The last few weeks have not been kind to the Manic Street Preachers. Lifeblood, their seventh album, was released to lukewarm reviews and sales. Despite a commercial AOR production, it somehow managed to enter the charts lower than 1994's The Holy Bible, an album described even by the sleevenotes of its recent reissue as "so bleak and horrid as to be unlistenable".
Bringing back The Holy Bible has clearly done their career no favours. The roar of approval that greets tonight's selected highlights is in marked contrast to the muted applause afforded tracks from Lifeblood. A decade old, and now part of the fusty canon of classic guitar rock, Faster and Yes still sound unlike anything else: squalling, splenetic and vital in a way that the new material simply is not. Most of the Lifeblood tracks opt for the deathless mid-tempo chug, a uniform pace that blinds you to the intriguing lyrics. And if you ignore the words of The Love of Richard Nixon or 1985, they could be the work of almost anybody.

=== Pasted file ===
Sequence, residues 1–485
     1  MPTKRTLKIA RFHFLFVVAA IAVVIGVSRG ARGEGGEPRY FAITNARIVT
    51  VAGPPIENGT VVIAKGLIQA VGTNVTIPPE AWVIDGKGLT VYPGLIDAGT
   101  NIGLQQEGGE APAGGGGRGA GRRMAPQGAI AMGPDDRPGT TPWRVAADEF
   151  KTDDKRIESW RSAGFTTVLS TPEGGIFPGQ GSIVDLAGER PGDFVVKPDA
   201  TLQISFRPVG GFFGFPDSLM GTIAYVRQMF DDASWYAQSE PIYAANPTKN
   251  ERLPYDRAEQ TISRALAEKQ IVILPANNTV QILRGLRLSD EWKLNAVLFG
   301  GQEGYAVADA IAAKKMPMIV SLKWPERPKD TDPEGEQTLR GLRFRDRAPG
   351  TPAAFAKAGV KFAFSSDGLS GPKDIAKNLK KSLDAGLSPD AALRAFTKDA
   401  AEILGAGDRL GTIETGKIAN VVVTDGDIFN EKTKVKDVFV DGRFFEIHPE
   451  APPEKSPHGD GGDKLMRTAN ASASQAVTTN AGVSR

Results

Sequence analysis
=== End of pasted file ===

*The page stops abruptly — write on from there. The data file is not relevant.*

Yet the gig still serves notice that the Manic Street Preachers are not like other bands. By the merchandise stand, the kind of balding, post-Edwards fans derided by critics as Mondeo drivers are queuing up to buy T-shirts bearing a quote from Kierkegaard: you don't get that at a Keane gig. Nicky Wire remains the most compelling bass player in rock. Admittedly, that's not the world's most hotly contested title, but he is a formidable presence, dropping to his knees, howling along to the lyrics without a microphone, doggedly fighting his one-man war against fashion by nipping offstage and returning in a leopardskin miniskirt and knee socks. By the closing song, A Design for Life, he is on top of the amplifiers, still in his skirt, risking his modesty by high-kicking along to the beat. Behind him, screens flash provocative revolutionary slogans. If their music sounded as remarkable as this looks, the Manic Street Preachers' future would be more assured.